research outcomes are used in real-life diagnosis, prognosis and therapy of
breast cancer. The section starts with a chapter (Chap. 18) by Dr. Robinson
and Dr. Ali that provides the basic clinical or gynaecological aspects and
considerations for women suffering from breast cancer. The next chapter
(Chap. 19) developed by Dr. Mar Gil and colleagues gives the detail account
of currently available imaging technologies and their applications in early
diagnosis and prognosis of breast cancer. In Chap. 20, Dr. Verma and I have
demonstrated various molecular biomarkers that are either under develop-
ment or in practice for risk assessment, screening, detection, diagnosis, and
prognosis of breast cancer. Next three chapters deal with very important
aspects in breast cancer diagnosis and prognosis through minimal- or non-
invasive strategy. Dr. Van Pham in Chap. 21 has provided how the circulating
tumor cells can be used for diagnosis and prognosis of breast cancer. In the
Preface xi

same direction, Dr. Dwivedi and colleagues in Chap. 22 have described the
molecular diagnosis of metastasizing breast cancer using liquid biopsy, and
in Chap. 23, Dr. Barash and Dr. Haick have demonstrated the emerging
potential of exhaled volatile biomarkers in breast cancer. Chapters 24, 25,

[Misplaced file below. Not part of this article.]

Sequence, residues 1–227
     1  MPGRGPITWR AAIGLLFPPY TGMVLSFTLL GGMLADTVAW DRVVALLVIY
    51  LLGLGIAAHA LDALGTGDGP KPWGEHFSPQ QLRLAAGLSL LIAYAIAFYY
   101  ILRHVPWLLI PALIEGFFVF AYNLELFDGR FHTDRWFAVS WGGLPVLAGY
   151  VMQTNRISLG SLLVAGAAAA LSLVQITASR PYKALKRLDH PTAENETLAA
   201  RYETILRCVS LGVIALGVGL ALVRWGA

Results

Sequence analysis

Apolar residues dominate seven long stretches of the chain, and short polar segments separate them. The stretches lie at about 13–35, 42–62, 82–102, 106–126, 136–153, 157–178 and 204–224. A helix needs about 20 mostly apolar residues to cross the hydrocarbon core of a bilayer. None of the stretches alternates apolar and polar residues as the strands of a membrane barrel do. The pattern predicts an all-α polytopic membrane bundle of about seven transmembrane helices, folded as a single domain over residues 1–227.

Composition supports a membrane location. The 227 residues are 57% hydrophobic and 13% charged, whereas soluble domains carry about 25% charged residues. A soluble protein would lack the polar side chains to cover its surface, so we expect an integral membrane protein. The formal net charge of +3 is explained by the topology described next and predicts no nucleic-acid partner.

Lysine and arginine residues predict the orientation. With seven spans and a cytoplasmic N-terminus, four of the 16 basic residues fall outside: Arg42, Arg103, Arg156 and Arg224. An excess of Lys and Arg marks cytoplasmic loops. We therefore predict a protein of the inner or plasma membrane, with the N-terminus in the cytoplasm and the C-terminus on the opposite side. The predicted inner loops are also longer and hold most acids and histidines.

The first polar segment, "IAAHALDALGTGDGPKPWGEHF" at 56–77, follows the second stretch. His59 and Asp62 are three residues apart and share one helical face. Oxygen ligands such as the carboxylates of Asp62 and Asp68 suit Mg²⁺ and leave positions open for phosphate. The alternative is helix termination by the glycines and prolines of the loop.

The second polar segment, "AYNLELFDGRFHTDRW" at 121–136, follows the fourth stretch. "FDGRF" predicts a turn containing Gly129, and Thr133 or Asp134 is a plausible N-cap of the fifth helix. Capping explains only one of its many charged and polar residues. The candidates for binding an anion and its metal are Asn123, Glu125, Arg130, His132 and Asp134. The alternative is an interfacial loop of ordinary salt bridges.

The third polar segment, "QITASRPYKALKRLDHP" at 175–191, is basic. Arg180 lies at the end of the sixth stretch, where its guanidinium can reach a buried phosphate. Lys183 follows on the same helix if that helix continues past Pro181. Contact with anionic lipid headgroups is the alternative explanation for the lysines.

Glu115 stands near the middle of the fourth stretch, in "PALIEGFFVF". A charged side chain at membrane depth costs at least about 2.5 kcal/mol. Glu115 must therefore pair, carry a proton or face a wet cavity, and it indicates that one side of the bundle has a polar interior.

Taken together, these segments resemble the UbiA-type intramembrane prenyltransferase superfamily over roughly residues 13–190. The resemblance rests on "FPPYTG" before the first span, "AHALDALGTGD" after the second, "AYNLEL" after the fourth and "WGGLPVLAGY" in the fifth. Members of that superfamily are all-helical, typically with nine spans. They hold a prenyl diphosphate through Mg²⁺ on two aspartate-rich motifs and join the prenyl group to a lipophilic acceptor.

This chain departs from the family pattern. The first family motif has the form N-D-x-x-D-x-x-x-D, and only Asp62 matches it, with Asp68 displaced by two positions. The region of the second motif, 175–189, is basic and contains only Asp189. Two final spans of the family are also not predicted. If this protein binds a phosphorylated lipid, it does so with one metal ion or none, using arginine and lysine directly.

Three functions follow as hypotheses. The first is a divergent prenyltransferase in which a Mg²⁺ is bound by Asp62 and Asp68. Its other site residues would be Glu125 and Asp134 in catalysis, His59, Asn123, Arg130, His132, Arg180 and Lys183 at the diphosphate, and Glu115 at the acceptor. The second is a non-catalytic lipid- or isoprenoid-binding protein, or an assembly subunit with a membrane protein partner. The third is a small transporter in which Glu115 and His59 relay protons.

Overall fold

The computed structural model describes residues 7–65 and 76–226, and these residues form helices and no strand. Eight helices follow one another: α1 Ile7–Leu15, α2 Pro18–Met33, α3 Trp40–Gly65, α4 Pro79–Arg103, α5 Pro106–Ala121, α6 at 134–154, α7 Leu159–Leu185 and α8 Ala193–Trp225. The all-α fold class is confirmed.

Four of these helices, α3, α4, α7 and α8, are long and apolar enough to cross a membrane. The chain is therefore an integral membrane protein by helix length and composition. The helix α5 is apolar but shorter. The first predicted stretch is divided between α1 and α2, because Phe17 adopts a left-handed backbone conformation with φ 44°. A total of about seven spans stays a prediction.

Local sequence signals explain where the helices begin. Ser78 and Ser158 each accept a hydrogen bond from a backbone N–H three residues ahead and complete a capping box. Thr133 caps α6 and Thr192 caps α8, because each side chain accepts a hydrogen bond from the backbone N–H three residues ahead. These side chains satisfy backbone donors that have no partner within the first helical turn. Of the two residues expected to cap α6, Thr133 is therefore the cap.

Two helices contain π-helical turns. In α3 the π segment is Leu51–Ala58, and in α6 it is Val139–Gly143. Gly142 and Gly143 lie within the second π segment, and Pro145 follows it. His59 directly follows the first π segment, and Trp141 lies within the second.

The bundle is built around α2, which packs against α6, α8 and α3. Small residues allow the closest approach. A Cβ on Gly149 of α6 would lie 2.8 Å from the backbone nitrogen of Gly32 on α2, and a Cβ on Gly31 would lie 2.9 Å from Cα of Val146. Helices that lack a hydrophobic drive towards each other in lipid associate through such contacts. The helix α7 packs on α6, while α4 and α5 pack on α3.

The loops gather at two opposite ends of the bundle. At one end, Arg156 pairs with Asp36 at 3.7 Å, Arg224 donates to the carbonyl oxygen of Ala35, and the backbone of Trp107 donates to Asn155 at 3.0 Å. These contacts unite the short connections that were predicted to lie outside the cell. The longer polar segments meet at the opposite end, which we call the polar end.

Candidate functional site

and 26 cover therapeutic aspects of breast cancer. Dr. Ch Yiannakopoulou in
Chap. 24 has given a detail account of classical therapy and drug targets along
with targeted therapy in breast cancer. In the next chapter (Chap. 25),
Dr. Ch Yiannakopoulou and me have discussed the pharmacogenomics or
personalized medicine and their therapeutic implications in breast cancer.
The current status and future prospects of gene therapy in breast cancer has
been discussed in Chap. 26 by Dr. Büyükköroğlu and her colleagues. The last
chapter (Chap. 27) is on clinical trial, and in this chapter Dr. George and
Dr. Selvarajan have described the essentiality of optimum end points in breast
cancer clinical trials to select the right drug having the best efficacy and mini-
mal toxicity.
I believe that this book and its up-to-date contents and broad coverage will
be worthwhile to cutting-edge breast cancer research, diagnosis, and clinician
communities. I highly appreciate your comments and suggestions to improve
the next edition of the book.

Purba Medinipur, Debmalya Barh


West Bengal, India (Editor)
About the Editor

Debmalya Barh (MSc, MTech, MPhil, PhD, PGDM) is the founder of the
Institute of Integrative Omics and Applied Biotechnology (IIOAB), India, a